What is EMDR?

EMDR is an acronym for Eye Movement Desensitization and Reprocessing. It is an innovative clinical treatment that has successfully helped over a million individuals of all ages in many different countries since it was developed in 1987.

How does EMDR work?

EMDR is a complex method of psychotherapy that integrates many of the successful elements of other therapeutic approaches in combination with eye movements or other forms of rhythmical stimulation of the brain's information-processing system. By activating the information-processing system of the brain, EMDR uses individuals' own resources to help them achieve their therapeutic goals, with recognizable changes that don't disappear over time.

But does EMDR really work?

Fourteen controlled studies support the efficacy of EMDR, making it the most thoroughly researched method ever used in the treatment of trauma. A 1995 study of 80 individuals with post-traumatic stress disorder demonstrated that clients improved significantly with EMDR treatment and maintained their gains at a 15-month follow-up.

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EMDR for Transforming Trauma

EMDR has been used to treat a wide range of troubling experiences, from those that are rare and would be traumatic for most people--such as rape, combat, accidents, natural disasters and crime--to those that are relatively common, such as the loss of a loved one, having an angry or alcoholic parent, or being the victim of bullying, teasing or emotional abuse. Since traumatic experiences can play a role in many problems, EMDR can also help with depression, anxiety and phobias, fears related to medical procedures, sexual problems, chronic pain, sleep problems, learning disabilities, and performance anxiety.

When a person is very upset, their brain cannot process information as it ordinarily does. One moment, or several, can become frozen in time. Remembering the trauma can feel as bad as going through it the first time. In addition, such memories can have a lasting negative effect on the way a person sees the world, relates to other people and lives their life.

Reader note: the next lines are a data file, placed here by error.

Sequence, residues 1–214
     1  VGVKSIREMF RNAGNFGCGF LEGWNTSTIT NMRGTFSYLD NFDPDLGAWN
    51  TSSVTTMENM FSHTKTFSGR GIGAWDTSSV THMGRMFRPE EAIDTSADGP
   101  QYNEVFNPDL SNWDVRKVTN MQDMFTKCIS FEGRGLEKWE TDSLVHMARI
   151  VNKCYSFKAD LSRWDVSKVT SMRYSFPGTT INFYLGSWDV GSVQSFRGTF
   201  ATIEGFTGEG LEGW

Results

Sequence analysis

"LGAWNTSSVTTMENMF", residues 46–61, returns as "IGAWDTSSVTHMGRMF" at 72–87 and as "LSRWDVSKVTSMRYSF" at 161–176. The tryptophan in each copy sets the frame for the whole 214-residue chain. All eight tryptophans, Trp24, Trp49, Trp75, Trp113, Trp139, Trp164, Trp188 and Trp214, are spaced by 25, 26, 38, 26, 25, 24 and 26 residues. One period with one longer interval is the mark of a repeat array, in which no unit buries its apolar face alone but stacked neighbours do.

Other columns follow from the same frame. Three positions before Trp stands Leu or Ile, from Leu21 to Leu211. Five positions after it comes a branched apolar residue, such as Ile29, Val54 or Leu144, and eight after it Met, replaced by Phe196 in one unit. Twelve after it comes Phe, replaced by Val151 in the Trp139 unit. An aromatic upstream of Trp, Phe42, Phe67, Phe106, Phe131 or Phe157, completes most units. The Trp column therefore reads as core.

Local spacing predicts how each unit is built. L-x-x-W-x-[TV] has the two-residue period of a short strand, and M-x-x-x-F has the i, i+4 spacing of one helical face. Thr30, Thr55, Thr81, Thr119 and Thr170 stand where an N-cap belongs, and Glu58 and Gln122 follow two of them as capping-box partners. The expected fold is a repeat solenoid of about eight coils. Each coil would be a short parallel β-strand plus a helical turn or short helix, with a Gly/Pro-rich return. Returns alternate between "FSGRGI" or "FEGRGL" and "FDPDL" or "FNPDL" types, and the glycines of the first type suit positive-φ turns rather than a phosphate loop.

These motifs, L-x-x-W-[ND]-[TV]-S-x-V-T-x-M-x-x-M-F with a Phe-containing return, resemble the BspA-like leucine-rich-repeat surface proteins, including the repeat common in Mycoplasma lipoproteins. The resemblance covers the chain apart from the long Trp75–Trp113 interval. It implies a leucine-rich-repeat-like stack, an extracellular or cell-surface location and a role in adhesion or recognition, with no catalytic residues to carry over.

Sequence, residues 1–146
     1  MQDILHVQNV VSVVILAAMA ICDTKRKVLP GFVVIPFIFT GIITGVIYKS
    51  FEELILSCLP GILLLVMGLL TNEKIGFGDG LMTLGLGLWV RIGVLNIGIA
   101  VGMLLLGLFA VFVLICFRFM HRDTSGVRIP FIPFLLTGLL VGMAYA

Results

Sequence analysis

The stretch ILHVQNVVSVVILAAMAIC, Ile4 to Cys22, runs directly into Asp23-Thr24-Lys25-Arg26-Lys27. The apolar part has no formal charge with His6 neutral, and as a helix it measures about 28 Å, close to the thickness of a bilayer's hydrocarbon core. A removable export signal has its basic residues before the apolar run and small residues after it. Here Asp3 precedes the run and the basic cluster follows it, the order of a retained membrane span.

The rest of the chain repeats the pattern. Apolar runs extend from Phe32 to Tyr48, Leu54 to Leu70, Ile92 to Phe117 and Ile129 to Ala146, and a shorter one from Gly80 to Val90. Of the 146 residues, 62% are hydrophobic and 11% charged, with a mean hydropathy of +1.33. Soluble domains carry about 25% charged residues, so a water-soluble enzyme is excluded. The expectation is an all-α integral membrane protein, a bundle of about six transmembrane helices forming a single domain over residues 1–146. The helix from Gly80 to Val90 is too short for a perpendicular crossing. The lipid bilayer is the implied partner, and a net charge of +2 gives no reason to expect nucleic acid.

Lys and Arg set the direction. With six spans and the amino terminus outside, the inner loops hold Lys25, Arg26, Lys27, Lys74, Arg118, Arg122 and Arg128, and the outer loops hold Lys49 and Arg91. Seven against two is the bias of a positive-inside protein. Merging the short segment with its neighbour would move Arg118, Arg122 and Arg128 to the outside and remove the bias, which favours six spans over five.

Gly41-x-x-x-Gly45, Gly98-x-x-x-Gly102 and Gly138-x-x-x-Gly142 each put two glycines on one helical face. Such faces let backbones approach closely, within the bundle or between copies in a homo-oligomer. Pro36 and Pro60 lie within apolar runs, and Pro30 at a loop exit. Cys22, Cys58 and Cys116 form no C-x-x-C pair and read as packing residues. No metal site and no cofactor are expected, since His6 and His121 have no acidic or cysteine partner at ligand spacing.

EMDR seems to have a direct, beneficial effect on the way the brain handles upsetting information. It allows normal information processing to resume, so images, sounds, and feelings are no longer relived when the event is brought to mind. What happened is remembered, but it is far less upsetting.

EMDR for Performance Enhancement

EMDR has been found to be a powerful tool for enhancing the work of performers, creative artists, athletes, and individuals anticipating a challenge at work or a difficult medical procedure.

I can't do it!... I'm no good at it... I'll make a fool of myself... Remember the time when I really blew it?... Wait, just focus, but...

We're all familiar with the inner dialogue that haunts us when we are preparing to do something really important. This inner dialogue and the fear it evokes can keep us from even getting started; it can cause us to avoid setting goals or working toward them in a consistent way; and it can keep us from doing our best when the critical moment comes.

EMDR for Performance Enhancement targets upsetting memories (e.g., a failed performance) and fears, as well as positive and negative thoughts and feelings. It teaches you to control or even eliminate those irrational, distorted anticipatory fears. It can help you let go and move on following real or perceived failure. It can also enhance and reinforce the experiences associated with a positive performance.

Treatment involves getting the past into perspective and then preparing for the future. By mentally rehearsing upcoming performances, you can deal in advance with the fears that interfere with your potential. EMDR can be used to treat problems at work, in school, in the performing arts and sports, and in handling medical procedures.

What Is an Actual EMDR Session Like?

During an EMDR session, you will work individually with a trained clinician who has gotten to know you and understands the issues or situations that are troubling you.

The person working with you will help you identify a specific situation related to the problem you wish to work on. While you are picturing the troubling event you will experience a non-invasive form of rhythmical stimulation of your brain's information-processing system. This can be done in several ways. Most often you will be asked to move your eyes back and forth to follow the clinician's fingers or a light--hence the "eye movement" portion of the treatment's name.

You will be asked to notice what comes into your mind. Since each person processes information in a unique way, there is no right or wrong way for a client to do EMDR.

The clinician will guide you in processing your experience and will also discuss it with you. In this way, it will become less upsetting and more associated with positive beliefs and feelings about yourself.

During the treatment session you may experience intense emotions, but by the end of the session, most people feel much better.